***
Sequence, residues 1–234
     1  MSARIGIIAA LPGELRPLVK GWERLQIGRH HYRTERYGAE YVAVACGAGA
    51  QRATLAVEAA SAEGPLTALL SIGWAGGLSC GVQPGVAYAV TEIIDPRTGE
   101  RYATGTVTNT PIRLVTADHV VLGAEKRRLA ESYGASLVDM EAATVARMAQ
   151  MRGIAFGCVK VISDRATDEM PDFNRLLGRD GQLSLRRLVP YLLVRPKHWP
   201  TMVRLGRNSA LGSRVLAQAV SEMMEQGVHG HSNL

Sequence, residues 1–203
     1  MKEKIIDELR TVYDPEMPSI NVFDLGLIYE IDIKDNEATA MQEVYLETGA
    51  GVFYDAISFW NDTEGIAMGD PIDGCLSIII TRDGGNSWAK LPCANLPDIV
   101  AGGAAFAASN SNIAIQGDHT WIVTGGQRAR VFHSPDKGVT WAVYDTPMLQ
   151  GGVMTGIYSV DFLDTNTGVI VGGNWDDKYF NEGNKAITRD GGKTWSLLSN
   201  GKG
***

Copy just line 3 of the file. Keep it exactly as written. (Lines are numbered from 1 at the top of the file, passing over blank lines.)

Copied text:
    51  QRATLAVEAA SAEGPLTALL SIGWAGGLSC GVQPGVAYAV TEIIDPRTGE